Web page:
Wednesday, March 27, 2013

Out and About in the East Village

In this weekly feature, East Village-based photographer James Maher provides us with a quick snapshot of someone who lives and/or works in the East Village.


By James Maher
Name: Lucille Krasne
Occupation: Designer, Argentine Tango dance organizer
Location: 10th Street between Avenue A and B.
Time: 4 on Sunday, March 25

I’m from Tulsa, Oklahoma. I always wanted to live in New York and so I ended up making the big move to the East Coast while everyone else was making the move to the West Coast. This is the only place I’ve ever lived in New York and I’ve been here for 43 years. This is it.

I am so proud of Tompkins Square Park, which I consider my front yard. Important things happen here. When I first arrived here, I thought it was heaven, paradise on earth, because in the Park on May Day you had all the young people with big red flags celebrating May Day, Communism, Collectivism, and then you had a group of Ukranians with great big signs saying, “Free the Captive Nations,” free all the people in communist countries.

I’ve also seen it go through terrible times. In 1988, I was so stunned to find the entire place surrounded by helmeted police with nightsticks during the riots. I couldn’t believe what was going on. I remember the screaming when they were throwing out all of the homeless people from the Park. I know there were a lot of dangerous things going on, but it killed me to hear that. I was yelling, “Why are you doing this to those people?”

But it’s been wonderful for me since they closed the Park at night because I can now actually sleep. People used to scream and make noise all night. Noise has been a terrible issue in this neighborhood. For years I wanted to blow my brains out and everybody used to think of ways to try and stop the noise. There were also the car alarms. I’ve had a lot of tubes of lipstick that I’ve written on cars with.

I’ve had a very checkered career. When I moved to LA after college, one of my first oddball jobs was creating a hand-puppet show for the County Parks Department out of a converted park washroom. We eventually took it on the road and showed it to zillions of children and then had big puppet workshops all over the place.

When I moved here, I worked for an arts funding organization. It was the perfect job for me. Having no money, I was able to give away money that was provided by the New York State Council in the Arts and the National Endowment for the Arts. It was quite a wonderful organization. I was a traveling consultant and I went out to meet with all sorts of groups around the state having to do with issues of arts, saving interesting architecture, poetry groups, dance groups. I advised groups on how to stimulate the community to support them. My role was to instigate them to instigate excitement within the community and bring in more people. I also worked on prison projects and with migrant worker programs.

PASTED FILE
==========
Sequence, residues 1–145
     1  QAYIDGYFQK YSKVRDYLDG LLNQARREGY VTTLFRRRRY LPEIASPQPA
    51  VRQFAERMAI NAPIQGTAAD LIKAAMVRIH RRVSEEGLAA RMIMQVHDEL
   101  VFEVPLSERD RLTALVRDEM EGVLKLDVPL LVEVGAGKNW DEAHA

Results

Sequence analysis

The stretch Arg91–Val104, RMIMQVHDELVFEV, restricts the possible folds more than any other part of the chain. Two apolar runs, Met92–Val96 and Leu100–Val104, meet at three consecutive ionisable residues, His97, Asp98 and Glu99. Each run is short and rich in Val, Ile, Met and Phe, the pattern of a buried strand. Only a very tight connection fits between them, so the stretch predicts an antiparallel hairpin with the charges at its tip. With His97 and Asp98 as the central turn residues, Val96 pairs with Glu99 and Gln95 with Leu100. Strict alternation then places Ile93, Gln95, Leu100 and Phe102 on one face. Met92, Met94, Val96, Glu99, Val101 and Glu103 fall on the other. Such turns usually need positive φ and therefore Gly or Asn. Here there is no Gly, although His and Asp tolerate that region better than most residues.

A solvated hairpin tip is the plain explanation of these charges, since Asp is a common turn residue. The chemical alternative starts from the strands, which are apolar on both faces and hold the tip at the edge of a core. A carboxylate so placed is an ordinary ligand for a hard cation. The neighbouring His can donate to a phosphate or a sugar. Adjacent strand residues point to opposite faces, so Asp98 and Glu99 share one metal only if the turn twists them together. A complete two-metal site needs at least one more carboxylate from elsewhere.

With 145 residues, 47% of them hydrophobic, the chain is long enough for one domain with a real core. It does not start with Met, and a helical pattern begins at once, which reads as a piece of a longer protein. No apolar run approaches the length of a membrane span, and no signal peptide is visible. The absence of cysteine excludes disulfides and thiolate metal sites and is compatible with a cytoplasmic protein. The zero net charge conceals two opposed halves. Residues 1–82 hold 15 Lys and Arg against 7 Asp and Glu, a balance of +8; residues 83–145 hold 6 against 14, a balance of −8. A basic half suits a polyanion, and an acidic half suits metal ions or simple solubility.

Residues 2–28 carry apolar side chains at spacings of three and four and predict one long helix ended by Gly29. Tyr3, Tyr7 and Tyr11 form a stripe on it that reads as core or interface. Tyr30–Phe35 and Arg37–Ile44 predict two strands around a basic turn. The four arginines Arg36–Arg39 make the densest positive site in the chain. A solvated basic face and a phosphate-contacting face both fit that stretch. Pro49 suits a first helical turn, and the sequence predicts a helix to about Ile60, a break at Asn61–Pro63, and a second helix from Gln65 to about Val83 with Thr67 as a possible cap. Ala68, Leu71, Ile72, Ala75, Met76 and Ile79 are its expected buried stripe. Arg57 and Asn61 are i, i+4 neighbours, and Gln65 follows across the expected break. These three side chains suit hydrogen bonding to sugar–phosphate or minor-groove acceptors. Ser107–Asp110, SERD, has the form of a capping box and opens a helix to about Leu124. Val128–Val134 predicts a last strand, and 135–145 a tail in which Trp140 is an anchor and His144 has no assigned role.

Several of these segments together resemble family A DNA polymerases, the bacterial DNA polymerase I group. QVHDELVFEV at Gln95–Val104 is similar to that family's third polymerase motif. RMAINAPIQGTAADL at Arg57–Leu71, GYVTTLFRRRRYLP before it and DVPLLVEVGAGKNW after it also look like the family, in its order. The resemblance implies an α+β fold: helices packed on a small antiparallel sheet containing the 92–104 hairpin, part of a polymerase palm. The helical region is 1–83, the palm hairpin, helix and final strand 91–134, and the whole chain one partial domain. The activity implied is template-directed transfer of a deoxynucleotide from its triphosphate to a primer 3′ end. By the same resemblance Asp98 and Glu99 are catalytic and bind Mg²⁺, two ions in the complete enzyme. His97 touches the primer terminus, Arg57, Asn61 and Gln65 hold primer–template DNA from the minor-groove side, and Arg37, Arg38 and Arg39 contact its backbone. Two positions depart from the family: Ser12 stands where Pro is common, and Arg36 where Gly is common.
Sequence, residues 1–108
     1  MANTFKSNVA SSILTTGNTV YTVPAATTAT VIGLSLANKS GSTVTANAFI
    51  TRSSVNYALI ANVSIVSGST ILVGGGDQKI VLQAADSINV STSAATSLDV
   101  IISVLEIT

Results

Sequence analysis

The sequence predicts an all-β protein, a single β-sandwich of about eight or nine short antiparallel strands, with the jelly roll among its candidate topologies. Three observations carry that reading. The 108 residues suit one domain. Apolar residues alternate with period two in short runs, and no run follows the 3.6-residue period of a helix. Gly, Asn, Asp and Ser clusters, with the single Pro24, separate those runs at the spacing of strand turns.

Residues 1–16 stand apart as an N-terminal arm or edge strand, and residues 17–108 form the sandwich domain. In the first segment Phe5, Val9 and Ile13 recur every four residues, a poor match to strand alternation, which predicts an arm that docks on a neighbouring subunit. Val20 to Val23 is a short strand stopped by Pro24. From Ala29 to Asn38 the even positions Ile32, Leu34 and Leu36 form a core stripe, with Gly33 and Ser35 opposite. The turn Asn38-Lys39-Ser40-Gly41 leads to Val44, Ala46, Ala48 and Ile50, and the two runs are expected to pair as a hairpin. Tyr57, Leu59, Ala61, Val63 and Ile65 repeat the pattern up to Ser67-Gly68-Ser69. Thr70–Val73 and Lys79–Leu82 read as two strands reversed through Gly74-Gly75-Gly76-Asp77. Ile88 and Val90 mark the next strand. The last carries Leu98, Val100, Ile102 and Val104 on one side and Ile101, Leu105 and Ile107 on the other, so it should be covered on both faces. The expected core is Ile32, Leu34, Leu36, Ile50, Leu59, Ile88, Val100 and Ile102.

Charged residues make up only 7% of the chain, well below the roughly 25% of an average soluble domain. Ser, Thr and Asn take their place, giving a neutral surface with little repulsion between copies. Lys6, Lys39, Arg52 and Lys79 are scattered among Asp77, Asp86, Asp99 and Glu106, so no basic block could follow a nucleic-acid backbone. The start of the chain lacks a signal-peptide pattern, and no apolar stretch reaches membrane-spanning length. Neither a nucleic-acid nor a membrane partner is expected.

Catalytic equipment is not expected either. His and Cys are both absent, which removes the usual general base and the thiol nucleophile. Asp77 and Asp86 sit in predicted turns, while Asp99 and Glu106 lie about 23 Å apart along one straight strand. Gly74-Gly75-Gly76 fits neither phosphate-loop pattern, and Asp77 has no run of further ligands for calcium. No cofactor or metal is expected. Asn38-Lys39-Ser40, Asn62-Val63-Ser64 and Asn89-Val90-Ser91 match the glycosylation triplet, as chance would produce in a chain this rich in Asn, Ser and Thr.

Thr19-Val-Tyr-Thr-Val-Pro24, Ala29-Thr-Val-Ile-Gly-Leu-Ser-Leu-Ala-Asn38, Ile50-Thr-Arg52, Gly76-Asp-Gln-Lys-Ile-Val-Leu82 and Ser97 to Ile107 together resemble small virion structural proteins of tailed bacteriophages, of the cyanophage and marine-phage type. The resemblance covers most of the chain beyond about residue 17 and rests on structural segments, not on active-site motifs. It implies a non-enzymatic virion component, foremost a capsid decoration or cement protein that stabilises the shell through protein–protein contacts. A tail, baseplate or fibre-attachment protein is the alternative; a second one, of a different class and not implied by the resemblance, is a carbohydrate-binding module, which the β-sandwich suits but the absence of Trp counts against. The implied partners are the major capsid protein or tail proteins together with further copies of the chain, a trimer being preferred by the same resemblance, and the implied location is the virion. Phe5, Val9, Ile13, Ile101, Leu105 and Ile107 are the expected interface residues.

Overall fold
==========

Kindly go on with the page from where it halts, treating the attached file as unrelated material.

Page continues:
I also created a jewelry business with my sister for 10 years. We named it Krasne Two. We were designing imaginative accessories and jewelry. We made quite a splash but it is very hard to keep that kind of world going when you are limited financially and don’t have enough backing. It was fun while it lasted. Now I design floor cloths and murals and all kinds of accessories

And then I went into the Argentine Tango business. I fell in love with the Argentine Tango as so many other have. I first fell in love with the music and then I fell in love with the dance. If it grips you it grips you and you’re really caught. I helped start the first New York City tango festival, which was about the wonders of New York and the wonders of Tango. I took the Milanga (Argentine Tango Party) outdoors to Central Park about 15 years ago. I called it the hit and run tango because if the police came you ran. You find a beautiful place, free or pretty free, open to the public, attractive, and everybody dances like crazy and you expand this community, which was teensy weensy. I don’t run it anymore but it’s still going on every Saturday afternoon.

We now run a weekly Milonga at The Ukrainian on 140 Second Ave. on Wednesdays. It’s called “Esmeralda’s E.V. Milonga and Supper Club.” We dance from 6 to 11:30 and if you come between 6 and 7:30 and have dinner with us then you don’t pay the admission. You can listen to the gorgeous Argentine music and watch the fine dancing.

James Maher is a fine art and studio photographer based in the East Village. Find his website here.

9 comments:

Ken from Ken's Kitchen said...

Another great interview in this great series.

KIta the Wonder Dog of East 10th Street said...

this is our neighbor! she is a wonderful neighbor and as cool as a can be! xo

Anonymous said...

A true East Villager. Independant and timeless.

Marty Wombacher said...

Wonderful photo and interview. Always love reading this series!

Anonymous said...

This is great and she's awesome, but surely we should have some commenters carping about all the Midwestern and Southern interlopers suburbanizing our fair city with their stultifying bourgeois tangos and whatnot?

Goggla said...

What a fun and interesting neighbor! Thank you for sharing.

Eden Bee said...

Love these!

Anonymous said...

Great interview! She's supercool and I love her neon sign collection! Making me jealous!:)

KairosKim said...

Loved learning about Lucille!
She and (now I know) her sister often ate in a restaurant on St marks where I was a waitress 30 years ago.
We have been on a hi and smile basis for years but never knew nuthin bout each other.
Thank you James Maher.
Made my day.